- 1 kg x glutinous rice, washed until water runs clear and then drained
- 500 grams x Chinese roast pork, cut into approximately 1 inch cubes (preferably from the front quarter/shoulder cut)
- 18 x salted duck egg yolks, cut in half
- 18 x fresh or dried whole chestnuts, peeled (optional)
- Vegetable oil
- Kitchen string
- Let’s prep the bamboo leaves first. These can be found at your local Asian supermarket and will be tied together in batches within the package. Using kitchen scissors, cut off the pointy end and tough stalks, leaving the bunches tied together.
- Fill a large pot with 3-4 litres of water and slide in the leaves. Bring the pot to boil and cook for 10 minutes. This will make the leaves more pliable and also soften out the harsh tannin taste. This needs to be done for either fresh or dried bamboo leaves.
- Once softened, remove the leaves from the pot. Release the ties and rinse the leaves until water runs clear. Drain the leaves in a colander for at least an hour or overnight.
- Rinse the glutinous rice until the water runs clear and drain in a colander for an hour.
- Once drained, pour the rice into a large mixing bowl and fold in 3 tablespoons of vegetable oil and 2 tablespoons of salt.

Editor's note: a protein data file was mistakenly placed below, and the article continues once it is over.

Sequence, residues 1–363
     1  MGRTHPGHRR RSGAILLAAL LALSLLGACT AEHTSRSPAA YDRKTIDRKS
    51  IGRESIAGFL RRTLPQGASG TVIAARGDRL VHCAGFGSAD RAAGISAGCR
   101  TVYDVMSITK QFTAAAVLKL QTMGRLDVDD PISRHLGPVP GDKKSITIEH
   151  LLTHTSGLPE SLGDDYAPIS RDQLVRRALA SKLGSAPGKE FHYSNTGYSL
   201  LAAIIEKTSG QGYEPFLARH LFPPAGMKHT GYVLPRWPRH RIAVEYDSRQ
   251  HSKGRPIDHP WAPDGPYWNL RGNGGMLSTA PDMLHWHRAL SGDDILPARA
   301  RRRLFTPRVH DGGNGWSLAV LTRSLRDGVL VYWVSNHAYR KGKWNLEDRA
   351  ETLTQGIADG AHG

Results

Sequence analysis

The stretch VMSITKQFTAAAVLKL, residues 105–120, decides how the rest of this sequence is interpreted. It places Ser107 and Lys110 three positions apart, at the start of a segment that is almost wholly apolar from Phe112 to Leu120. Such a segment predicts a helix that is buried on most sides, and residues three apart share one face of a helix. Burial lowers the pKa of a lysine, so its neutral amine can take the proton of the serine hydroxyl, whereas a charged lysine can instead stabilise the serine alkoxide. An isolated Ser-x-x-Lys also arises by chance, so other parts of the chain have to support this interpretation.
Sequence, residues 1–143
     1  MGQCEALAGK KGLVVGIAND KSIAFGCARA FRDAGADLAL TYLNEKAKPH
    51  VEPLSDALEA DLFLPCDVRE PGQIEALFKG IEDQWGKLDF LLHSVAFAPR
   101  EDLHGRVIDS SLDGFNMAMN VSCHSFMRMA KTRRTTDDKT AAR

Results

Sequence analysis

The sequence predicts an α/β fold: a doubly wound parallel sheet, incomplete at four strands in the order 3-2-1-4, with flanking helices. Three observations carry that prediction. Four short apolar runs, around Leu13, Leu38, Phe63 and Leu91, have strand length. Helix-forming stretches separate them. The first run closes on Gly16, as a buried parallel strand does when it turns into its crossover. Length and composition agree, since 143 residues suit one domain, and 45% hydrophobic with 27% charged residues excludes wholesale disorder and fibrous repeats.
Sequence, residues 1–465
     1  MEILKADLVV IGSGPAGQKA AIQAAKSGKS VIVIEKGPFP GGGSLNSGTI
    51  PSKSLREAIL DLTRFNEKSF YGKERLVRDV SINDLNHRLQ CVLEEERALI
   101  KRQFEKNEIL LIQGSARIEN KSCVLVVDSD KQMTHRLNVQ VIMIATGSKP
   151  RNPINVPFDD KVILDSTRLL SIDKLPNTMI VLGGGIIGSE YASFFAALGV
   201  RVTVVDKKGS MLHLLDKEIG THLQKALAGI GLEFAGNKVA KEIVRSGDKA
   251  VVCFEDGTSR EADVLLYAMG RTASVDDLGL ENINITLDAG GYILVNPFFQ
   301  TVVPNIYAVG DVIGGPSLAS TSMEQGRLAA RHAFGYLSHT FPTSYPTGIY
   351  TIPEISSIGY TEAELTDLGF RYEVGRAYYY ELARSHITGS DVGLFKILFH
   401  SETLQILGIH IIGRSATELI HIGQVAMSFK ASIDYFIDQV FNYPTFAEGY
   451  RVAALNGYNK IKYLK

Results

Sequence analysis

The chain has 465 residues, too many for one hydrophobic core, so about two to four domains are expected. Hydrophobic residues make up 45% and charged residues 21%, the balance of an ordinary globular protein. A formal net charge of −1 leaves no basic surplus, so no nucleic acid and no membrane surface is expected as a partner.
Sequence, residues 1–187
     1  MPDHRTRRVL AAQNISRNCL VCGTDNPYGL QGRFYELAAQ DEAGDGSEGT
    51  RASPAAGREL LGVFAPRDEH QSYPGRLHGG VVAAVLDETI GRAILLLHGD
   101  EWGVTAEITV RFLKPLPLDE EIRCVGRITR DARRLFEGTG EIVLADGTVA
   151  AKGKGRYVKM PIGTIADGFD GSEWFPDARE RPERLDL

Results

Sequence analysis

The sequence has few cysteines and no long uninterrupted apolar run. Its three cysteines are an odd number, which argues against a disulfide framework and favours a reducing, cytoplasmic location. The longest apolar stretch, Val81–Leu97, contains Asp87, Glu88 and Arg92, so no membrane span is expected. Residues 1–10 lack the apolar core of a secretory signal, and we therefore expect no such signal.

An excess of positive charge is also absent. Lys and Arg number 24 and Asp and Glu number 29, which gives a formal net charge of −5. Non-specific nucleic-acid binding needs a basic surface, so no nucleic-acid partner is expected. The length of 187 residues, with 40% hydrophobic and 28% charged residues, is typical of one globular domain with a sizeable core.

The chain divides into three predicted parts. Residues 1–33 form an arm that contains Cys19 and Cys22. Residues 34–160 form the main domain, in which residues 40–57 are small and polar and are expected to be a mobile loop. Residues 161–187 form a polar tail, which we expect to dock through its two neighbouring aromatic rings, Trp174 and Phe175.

- Prep an area where you’ll make the rice parcels. Lay the duck egg yolks, rice, pork, chestnuts, drained leaves and kitchen string out.
- Select two bamboo leaves that are of a similar size. Bend both at the middle, twisting so they create a cone shape where they meet, ensuring that it’s sealed at the bottom. Open your palm and place the pointy end of the cone down so it rests between two of your fingers.
- Add a spoon of rice to the bottom of the cone.
- Place a piece of pork on top and add more rice. Then layer on top more pork, the egg yolk halves and the chestnut. If needed, slide in another bamboo leaf at either side so the contents doesn’t spill.
- Cover with just enough rice so it’s completely covered. You will use about 120 grams of rice per zongzi.
- Add another bamboo leaf on top. Then fold in the bamboo leaves until your rice parcel is enclosed firmly. You don’t want it loose as the zongzi should retain its shape once cooked. Tie with kitchen string.
- Continue with remaining ingredients until all of the rice, egg and chestnuts are finished. You will make approximately 18 parcels and may have leftover pork and bamboo leaves.
- To cook, neatly layer in the rice parcels in a large stock pot so they don’t move around a lot. Pour in 2 litres of hot water and set onto the stove to boil. Add more water until rice parcels are completely submerged by a couple of inches of water. Cover the pot and simmer gently for 6 hours, topping up with more boiling water as needed (probably every 90 minutes or so).
Cut the strings and peel away the bamboo leaves to serve warm, alongside a pot of fragrant tea. I like ‘lychee red’ scented Chinese tea which reminds me of my childhood.
To reheat, gently simmer the parcels in water for 15-20 minutes. For frozen parcels, simmer for 30-40 minutes. I don’t recommend microwaving them as it ruins the texture by drying the zongzi out too much.